“Yer one of us now, lad.”
An early Warhammer story from back in 1997, Andy Jones’ Grunsonn’s Marauders introduced readers to the titular band of roguish adventurers – the dwarf Grimcrag Grunsonn, Jiriki the elf, young Imperial Envoy Johann Anstein, and the wonderfully named barbarian Keanu the Reaver. You can probably work out the tone of the story just from the names! It sees the four marauders taking on a quest to find a powerful magical relic, on behalf of a friendly old wizard. As you might expect, things don’t turn out quite as simple as they hope, and much adventure ensues.
If you’re looking for dark, gritty fantasy this is not what you’re after. It’s unusually light in tone, riffing on the classic Dungeons & Dragons-esque stylings with tongue planted firmly in cheek, happily throwing in adventure cliches left, right and centre…but somehow pulling it off. The characters, cliched though they may be, are written as though the reader is already familiar with them and their previous adventures, which gives the whole thing a feel-good air, and the simple but entertaining plot keeps things moving suitably quickly. Overall it’s light, funny, full of knowing little references and enjoyably easy to read.
Like the previous few instalments of Forgotten Texts, this is one of those classic early Black Library tales that comes freighted with nostalgia for readers of a certain vintage. It gently pokes fun at loads of fantasy tropes, even loosely referencing Gotrek and Felix (Grunsonn is perilously close to Gurnisson, after all), and is instantly familiar due to its character archetypes and plot devices.
Does it feel like a Warhammer story though? Well…not really, no. On the one hand there’s lots of Warhammer-esque elements (bearing in mind that most of Warhammer’s early influences were classic fantasy tropes themselves) and references to a familiar setting, but on the other hand it’s just not the tone that you would expect from a Warhammer story. At least, not any more it isn’t.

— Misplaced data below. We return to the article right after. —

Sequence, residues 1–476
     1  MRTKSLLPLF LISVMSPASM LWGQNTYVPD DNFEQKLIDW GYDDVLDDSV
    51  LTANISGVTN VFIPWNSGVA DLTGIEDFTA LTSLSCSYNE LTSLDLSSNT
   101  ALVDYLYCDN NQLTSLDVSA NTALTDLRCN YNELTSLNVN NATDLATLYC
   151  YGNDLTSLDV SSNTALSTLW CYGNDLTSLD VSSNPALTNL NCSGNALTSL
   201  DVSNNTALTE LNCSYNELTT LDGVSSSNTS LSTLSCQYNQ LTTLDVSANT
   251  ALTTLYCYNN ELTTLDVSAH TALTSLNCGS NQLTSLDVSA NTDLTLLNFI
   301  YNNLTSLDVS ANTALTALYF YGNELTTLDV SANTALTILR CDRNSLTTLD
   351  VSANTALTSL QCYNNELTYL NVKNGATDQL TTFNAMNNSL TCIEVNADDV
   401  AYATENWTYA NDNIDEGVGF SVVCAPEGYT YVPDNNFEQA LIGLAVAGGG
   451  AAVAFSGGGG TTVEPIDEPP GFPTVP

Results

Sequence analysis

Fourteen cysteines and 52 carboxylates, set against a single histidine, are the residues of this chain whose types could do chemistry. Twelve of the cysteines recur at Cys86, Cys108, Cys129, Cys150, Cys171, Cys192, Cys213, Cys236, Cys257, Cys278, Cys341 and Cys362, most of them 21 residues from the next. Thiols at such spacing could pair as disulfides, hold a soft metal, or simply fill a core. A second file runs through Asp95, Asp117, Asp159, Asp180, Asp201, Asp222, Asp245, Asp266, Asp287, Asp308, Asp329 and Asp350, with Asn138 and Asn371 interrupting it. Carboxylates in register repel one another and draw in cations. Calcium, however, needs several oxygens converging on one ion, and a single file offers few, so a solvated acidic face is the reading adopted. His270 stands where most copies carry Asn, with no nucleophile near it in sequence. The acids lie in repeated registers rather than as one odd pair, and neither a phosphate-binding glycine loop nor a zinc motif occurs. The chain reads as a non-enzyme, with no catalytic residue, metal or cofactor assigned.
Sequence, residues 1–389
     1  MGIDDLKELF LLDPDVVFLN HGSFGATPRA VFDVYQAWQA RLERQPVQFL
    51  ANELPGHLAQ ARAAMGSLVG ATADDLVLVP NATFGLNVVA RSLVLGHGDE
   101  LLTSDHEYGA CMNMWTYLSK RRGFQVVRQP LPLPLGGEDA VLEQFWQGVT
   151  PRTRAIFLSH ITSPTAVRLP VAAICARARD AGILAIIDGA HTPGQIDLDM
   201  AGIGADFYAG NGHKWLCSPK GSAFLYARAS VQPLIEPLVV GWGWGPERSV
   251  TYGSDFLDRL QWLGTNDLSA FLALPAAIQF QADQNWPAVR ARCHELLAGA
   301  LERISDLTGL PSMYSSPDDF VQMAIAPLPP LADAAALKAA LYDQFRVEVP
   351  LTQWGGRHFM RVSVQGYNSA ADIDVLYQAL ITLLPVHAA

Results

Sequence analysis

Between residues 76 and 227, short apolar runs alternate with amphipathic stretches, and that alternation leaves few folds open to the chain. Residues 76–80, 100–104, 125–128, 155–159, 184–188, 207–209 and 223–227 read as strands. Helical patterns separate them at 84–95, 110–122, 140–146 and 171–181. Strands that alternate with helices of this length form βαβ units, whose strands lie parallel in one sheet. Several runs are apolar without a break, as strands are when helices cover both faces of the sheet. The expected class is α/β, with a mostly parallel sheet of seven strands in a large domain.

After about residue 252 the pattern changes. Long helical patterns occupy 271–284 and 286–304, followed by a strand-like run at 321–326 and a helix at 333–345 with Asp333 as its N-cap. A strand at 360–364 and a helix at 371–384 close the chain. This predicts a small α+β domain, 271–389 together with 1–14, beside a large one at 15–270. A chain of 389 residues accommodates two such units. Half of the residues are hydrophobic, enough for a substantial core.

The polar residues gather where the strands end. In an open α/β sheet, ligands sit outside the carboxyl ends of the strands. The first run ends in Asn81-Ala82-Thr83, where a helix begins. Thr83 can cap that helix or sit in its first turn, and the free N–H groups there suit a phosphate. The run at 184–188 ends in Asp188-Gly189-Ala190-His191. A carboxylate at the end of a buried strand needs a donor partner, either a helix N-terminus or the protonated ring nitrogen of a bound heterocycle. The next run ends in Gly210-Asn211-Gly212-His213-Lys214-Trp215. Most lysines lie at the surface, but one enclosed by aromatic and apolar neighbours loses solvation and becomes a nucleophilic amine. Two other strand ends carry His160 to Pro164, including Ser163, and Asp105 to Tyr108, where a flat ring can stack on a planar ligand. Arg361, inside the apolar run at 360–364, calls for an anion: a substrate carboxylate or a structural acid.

Back in the day, you could get away with selling games that came with silly songs tapes, and writing stories with characters cheekily named after movie stars. It was an earlier, less developed time for the setting, with much less structure put in place – lots of the familiar ideas were there, they just weren’t fully cemented in. These days however, even though the Old World has bitten the dust and been replaced by the Mortal Realms, there’s a certain tone and sense of gritty style that typifies the Warhammer world. You can’t really get away from the fact that Warhammer doesn’t really do tongue in cheek humour.
I’m not saying this is a bad story, mind – far from it. It’s pretty simple, arguably even derivative, but there’s something fun about this story that makes it all work. If you can’t enjoy reading about the adventures of a barbarian who speaks in a terrible cod-German accent, a snooty elf and a gold-hungry dwarf, what are you even doing reading this?! It might be a bit of a guilty pleasure, but it’s hard to deny the fun of this story.
Sadly, like a lot of these stories, if you want to relive the early days of Warhammer in this story then you’re going to have to go digging. Once again this was first published in Inferno! Magazine (Issue 1, in 1997), and then it was reprinted a few years later in the Realm of Chaos anthology (not to be confused with the legendary Realm of Chaos book for Warhammer Fantasy Roleplay) alongside other early Warhammer stories by guys like Gav Thorpe, Jonathan Green and Chris Pramas.
As far as I can tell it’s not been reprinted since then, so your best bet is going to be getting hold of a second hand copy of the Realm of Chaos anthology. To be fair though, a quick look on Amazon shows there’s plenty of second hand copies available, from as little as 1p plus P&P. There are some cracking stories in that anthology, so if you’re a fan of early Warhammer then it might well be worth the price of picking it up.
I hope you enjoyed this instalment of Forgotten Texts. If there are any classic Black Library stories that you would like to put forward for a review, please do let me know, and likewise if you’ve got any comments or feedback. Next week I’m going back to 40k with an Imperial Guard story from a familiar name.